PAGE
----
What future for cycling in Molenbeek?


©Barry Sandland/TIMB – People came from all over Brussels for a display of solidarity with the embattled commune after the Paris bombings – many were on their bicycles. But daily life in the quarter has a very low bicycle presence. Something that has to change.

Brussel’s cycling enthusiasts and advocates will be gathering tonight to discuss cycling in the the Molenbeek commune. In a recent ProVelo survey, cycling is at its lowest in the more economically disadvantaged areas of Brussels. In case you have not been reading the news lately and the stories about Molenbeek, just about every article tells you the area is one of the poorest in the city and the highest immigrant population.


This is outside my front door in November last year. The day the police were doing raids in the area, looking for the Paris bombing connections. To be honest, I do not remember ever seeing cops on bikes on my street before or after.

Hopefully there will be some solutions to the bicycle paths that serve as double-parking space for car drivers. Or the disregard for cyclists riding (legally) against the one-way direction of cars. Not to mention the near constant intimidation by some car or other on your daily commute.

It is no oddity

that the area is so car-centric. Having a car is some kind of sign of wealth or comfort or convenience (if false). And the ProVelo survey makes it clear that, in these areas, cycling is done by better-off, educated, non-immigrant people. I live in Molenbeek and, while there are some cyclists from every group, the overwhelming numbers are WASP – and WASPs simply travelling through the quarter as they do the to-and-fro of house to work. You can see them on the road bikes, dressed to the hilt and pressing pedals hard to get through their commute. .. No offence taken. Just stating they are transient, not local.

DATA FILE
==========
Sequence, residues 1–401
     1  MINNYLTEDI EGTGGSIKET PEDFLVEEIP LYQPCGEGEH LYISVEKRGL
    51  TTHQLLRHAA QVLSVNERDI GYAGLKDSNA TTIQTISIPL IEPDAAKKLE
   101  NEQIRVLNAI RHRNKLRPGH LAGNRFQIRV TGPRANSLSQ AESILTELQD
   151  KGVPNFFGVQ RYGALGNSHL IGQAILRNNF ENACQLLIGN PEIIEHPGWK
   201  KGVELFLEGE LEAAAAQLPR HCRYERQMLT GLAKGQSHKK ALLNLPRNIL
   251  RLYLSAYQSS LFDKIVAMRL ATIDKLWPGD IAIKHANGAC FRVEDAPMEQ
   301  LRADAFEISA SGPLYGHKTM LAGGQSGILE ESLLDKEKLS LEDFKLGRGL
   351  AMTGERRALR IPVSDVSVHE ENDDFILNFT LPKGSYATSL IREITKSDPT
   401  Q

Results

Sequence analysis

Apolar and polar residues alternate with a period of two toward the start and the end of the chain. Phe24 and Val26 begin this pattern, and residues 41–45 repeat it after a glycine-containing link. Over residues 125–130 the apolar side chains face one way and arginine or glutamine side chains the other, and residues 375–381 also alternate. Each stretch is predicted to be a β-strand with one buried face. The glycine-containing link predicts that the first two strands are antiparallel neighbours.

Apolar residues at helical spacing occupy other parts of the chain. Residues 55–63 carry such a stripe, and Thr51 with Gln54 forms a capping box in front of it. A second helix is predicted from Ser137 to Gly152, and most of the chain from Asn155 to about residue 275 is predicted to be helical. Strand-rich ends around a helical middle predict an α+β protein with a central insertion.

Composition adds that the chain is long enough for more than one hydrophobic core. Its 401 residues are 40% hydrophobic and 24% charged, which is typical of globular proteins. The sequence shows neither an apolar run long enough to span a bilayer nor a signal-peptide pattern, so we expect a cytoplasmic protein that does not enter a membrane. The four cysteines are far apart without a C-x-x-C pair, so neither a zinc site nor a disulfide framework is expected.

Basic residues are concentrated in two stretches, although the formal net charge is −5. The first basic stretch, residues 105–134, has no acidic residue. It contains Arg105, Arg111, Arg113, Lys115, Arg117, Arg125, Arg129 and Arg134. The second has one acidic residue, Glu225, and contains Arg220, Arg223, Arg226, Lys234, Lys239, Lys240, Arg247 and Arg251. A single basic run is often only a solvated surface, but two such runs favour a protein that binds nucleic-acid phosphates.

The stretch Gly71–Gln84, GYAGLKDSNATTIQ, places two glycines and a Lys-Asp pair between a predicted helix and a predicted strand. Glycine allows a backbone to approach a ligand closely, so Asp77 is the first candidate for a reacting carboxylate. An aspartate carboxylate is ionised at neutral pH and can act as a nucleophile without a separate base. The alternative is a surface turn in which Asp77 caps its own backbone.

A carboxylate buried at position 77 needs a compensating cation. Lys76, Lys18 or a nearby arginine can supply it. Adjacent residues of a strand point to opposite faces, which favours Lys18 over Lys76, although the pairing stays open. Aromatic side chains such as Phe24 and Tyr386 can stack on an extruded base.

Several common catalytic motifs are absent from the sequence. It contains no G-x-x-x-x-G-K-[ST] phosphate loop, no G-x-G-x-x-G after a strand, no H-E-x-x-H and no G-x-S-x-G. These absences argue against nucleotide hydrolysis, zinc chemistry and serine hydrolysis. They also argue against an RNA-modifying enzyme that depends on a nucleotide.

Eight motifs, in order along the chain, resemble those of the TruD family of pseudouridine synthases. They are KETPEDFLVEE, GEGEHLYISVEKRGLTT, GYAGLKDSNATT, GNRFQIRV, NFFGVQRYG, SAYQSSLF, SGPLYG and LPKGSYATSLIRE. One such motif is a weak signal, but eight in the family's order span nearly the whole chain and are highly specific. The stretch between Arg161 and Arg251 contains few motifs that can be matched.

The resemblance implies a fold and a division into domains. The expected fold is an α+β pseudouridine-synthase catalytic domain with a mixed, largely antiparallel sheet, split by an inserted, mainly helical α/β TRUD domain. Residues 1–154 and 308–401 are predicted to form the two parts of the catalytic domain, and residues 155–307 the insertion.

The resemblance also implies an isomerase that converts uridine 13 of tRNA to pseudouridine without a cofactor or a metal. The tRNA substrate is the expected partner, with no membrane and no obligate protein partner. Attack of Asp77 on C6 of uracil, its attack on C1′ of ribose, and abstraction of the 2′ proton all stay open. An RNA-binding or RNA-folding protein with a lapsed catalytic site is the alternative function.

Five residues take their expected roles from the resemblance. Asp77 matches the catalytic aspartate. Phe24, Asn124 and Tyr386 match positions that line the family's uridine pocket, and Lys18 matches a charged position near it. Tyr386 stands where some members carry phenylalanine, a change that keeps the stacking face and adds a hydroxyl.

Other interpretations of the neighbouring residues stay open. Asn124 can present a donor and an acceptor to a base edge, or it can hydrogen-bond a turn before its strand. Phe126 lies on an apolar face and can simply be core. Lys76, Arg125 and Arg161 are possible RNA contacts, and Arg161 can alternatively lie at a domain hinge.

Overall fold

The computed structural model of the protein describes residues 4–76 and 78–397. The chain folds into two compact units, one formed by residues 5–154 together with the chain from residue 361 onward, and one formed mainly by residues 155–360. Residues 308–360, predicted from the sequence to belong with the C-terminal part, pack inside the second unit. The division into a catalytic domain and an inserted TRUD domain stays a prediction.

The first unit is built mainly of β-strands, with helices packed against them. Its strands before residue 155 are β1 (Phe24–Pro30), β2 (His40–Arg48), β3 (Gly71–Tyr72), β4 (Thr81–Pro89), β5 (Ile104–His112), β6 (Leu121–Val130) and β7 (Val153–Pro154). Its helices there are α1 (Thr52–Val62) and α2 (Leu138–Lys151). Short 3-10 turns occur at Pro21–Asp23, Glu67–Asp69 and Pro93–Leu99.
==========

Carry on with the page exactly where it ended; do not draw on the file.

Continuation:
©Barry Sandland/TIMB - Man with his cargo bike in Molenbeek

©Barry Sandland/TIMB – One of the locals I stopped for a feature on this blog – and w it Instagram and Facebook. Never had a bad encounter. You can always talk to someone on a bike.

For many who live in the area, riding a bicycle is often seen as a diversion for children – and something to be discarded once you become an adult. A friend of mine, Moroccan decent, would tell me about the teasing he would get since he was, and is, a cyclist. It was clear just about everyone was telling him to “grow up and get a car”. Of course, he is immensely fit and has a bit more money in his pocket every week. … No connection there.

You can see the commune fill with families on the Day Without Cars. But, save that, the overwhelming presence of bicycles in the area is with children. The issue now is how to make that culture a bit more present. Something daily.

It will be interesting to see the proposed solutions and tools available.

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